The Supreme Court (SC) has found it “deeply disturbing” that Solicitor General Jose Calida has joined defeated vice presidential candidate Ferdinand “Bongbong” Marcos Jr. in his motion that called for the inhibition of Associate Justice Marvic Leonen from the electoral protest filed by the latter against Vice President Leni Robredo.
The high court likewise cautioned Calida against arbitrarily invoking his position as the People’s Tribune when filing cases with the SC.
These thoughts were contained in the November 2020 resolution of the SC junking Calida’s motion, which echoed the arguments that Marcos used in his own petition that likewise sought the removal of Leonen as the ponente of the electoral protest. A full copy of the resolution was only released yesterday, January 21.
In their separate motions then, both Calida and Marcos cited Leonen’s alleged “bias and hostility” against the Marcos family and their friends” as reason for them to seek his inhibition.
They also pointed to Leonen’s dissent against the burial of the late dictator Ferdinand Marcos at the Libingan ng mga Bayani in Taguig City.
The young Marcos was the first to file his motion. Calida, invoking his role as the People’s Tribune, filed a similar motion several hours later.
“That mistaken view (by Marcos) of this Court is joined by no less than Solicitor General Jose Calida is deeply disturbing,” the SC sitting as the Presidential Electoral Tribunal said in its November resolution.
It likewise said that “the standing asserted by the Solicitor General should be reviewed.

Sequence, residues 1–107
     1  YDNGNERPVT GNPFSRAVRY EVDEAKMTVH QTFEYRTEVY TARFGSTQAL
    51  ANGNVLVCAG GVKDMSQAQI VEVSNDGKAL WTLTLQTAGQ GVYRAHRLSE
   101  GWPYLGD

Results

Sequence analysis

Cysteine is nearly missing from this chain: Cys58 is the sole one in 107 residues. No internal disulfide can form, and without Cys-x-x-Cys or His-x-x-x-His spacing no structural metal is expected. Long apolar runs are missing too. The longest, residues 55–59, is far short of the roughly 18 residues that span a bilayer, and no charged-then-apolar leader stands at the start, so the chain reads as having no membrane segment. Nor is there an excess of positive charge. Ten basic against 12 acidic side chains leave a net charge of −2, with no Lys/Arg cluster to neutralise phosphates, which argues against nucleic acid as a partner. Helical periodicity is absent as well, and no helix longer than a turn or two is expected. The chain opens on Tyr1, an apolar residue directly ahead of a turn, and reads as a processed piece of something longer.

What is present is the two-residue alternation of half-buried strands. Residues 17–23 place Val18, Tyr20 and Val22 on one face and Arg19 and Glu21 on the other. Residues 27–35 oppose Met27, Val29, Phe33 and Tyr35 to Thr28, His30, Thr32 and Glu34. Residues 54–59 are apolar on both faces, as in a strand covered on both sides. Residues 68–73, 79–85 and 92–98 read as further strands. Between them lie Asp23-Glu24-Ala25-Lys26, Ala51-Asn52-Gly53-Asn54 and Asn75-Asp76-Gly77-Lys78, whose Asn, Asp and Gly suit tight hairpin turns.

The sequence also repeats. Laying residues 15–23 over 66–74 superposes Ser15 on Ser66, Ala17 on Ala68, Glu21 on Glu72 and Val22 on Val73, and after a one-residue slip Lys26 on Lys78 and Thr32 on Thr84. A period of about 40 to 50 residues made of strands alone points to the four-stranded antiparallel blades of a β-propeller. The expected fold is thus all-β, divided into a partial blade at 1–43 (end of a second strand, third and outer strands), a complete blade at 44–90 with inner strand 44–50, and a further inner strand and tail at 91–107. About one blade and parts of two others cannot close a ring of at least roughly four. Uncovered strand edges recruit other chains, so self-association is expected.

People’s Tribune is not to be hoisted wantonly in big ticket cases involving private cases” as it noted that the national government was not a party litigant in the electoral case.
“Protestant (Marcos) filed this electoral protest in his bid to oust the elected Vice President.
Simply, this involves private individuals only. Yet the Solicitor General comes to this Tribunal without, at the very least, asking for leave of court as a courtesy to this Tribunal,” the SC said.
The SC said if Calida was truly concerned about the protracted resolution of the election protest and its impact on the people as he has argued in his motion, then he should have confined the issue to the supposed delay in the resolution of the case, as “this was the only matter with relevance to the public.”
Instead of doing that, Calida imputed impartiality and incompetence against Leonen, whom the high court said was a member of the collegial body, and thus Calida’s allegations extended to the other justices as well.
“This Tribunal reminds the Office of the Solicitor General that it has been previously admonished that in future cases… the Office of the Solicitor General should be more cautious in entering its appearance to this Court as the People’s Tribune to prevent further confusion as to its standing,” the SC said.
The High Court also reminded Calida to be “more circumspect” before he cited unsubstantiated news articles.
“For now, the Tribunal recognizes that forgiveness and toleration may be the most decent response to misguided acts due to counsel’s and the Solicitor General’s misunderstanding.
The parties, their counsels and all others are acting for and on their behalf are all put on notice to be more circumspect in their pleadings and in their public pronouncements,” the SC said.
It also reminded Calida and the counsels in the case to attend to their cases with the objectivity and dignity “demanded by our profession and keep their passions and excitement in check.”
The resolution was not attributed to any justices as the author since it is a per curiam ruling (decision of a judge or of a court in unanimous agreement) but 12 justices signed it.
Associate Justices Amy Lazaro Javier and Rosmari Carandang did not sign as they were on wellness leave at that time.
The 15th position is vacant with the early retirement of Associate Justice Priscilla Baltazar Padilla last November due to health reasons.